Sidebar: Tech Specs: PCI Bandwidth by the Numbers

Users comparing throughput numbers for PCI Express and PCI-X may find the experience confusing. That's because the nature of the two architectures makes apples-to-apples comparisons more difficult.

Since Express is a serial technology, designers tend to describe bandwidth in bits per second. In contrast, PCI designers describe bandwidth in bytes per second. And even after calculating the bit/byte conversions, the bandwidth numbers aren't directly comparable because the ways in which the two technologies transport data are different.

A PCI Express design transmits data over a set of two wires at a base signaling rate of 2.5Gbit/sec.—but only in one direction. A complete, full-duplex PCI Express "lane" consists of four wires, for an aggregate bandwidth of 5Gbit/sec. Although PCI-X 2.0 adds bandwidth by increasing the clock speed to double data rate (DDR) or quad data rate (QDR), system designers increase the bandwidth of a PCI Express slot by adding lanes. The range starts with a 2.5/5Gbit/sec., one-lane or 1X (pronounced "times one") connection all the way up to an 8/16Gbit/sec. 32X design. Initially, desktop expansion slots are expected to range from 1X to 4X; servers will likely range from 4X to 8X; and graphics will run off 16X slots.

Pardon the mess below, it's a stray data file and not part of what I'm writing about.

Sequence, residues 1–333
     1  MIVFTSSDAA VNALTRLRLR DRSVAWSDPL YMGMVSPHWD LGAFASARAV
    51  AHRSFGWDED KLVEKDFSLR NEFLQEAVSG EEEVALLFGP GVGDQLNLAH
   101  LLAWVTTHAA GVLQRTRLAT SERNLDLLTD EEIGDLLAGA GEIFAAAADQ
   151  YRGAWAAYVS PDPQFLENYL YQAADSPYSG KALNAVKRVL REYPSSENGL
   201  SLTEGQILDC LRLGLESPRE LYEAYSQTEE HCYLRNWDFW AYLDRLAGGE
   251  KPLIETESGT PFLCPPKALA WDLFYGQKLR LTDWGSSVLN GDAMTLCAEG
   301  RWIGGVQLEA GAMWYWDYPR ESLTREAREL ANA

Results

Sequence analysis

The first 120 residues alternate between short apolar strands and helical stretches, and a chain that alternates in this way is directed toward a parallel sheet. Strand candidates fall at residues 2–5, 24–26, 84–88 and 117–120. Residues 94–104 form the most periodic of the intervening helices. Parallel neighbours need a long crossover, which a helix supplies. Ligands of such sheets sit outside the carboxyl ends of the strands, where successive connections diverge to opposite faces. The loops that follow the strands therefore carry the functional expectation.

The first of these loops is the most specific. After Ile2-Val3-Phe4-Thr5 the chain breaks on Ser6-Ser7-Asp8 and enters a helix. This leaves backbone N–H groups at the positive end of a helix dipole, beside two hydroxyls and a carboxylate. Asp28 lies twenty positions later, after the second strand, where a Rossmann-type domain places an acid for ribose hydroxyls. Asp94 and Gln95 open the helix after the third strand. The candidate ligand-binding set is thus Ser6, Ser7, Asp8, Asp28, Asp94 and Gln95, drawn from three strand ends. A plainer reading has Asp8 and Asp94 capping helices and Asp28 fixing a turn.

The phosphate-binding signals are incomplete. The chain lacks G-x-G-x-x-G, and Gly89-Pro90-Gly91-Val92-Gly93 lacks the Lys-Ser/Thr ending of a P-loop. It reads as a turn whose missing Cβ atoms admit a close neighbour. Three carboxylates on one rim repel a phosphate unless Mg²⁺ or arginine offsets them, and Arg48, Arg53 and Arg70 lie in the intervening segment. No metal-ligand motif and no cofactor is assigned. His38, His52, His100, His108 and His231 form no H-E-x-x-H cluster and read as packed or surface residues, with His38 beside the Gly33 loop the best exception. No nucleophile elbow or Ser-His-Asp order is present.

So while PCI-X 2.0 supports up to 2GB/sec. of traffic in either direction, a 4X Express slot supports 2GB, but only 1GB/sec. in one direction. If the nature of the I/O is unidirectional—say read-only access to a serial-attached storage array—then a comparable PCI Express device would need to be 8X.


Note: All bandwidth numbers shown in Gbit/sec. for comparison purposes.


Server-based I/O technologies are leading the charge in higher I/O bandwidth requirements. Bottlenecks could be compounded for storage and networking technologies, because more than one adapter may be used. On the desktop, graphics technologies with bandwidth requirements beyond the capacity of AGP 8X will use PCI Express.

Source: Serverworks Inc.

Copyright © 2003 IDG Communications, Inc.

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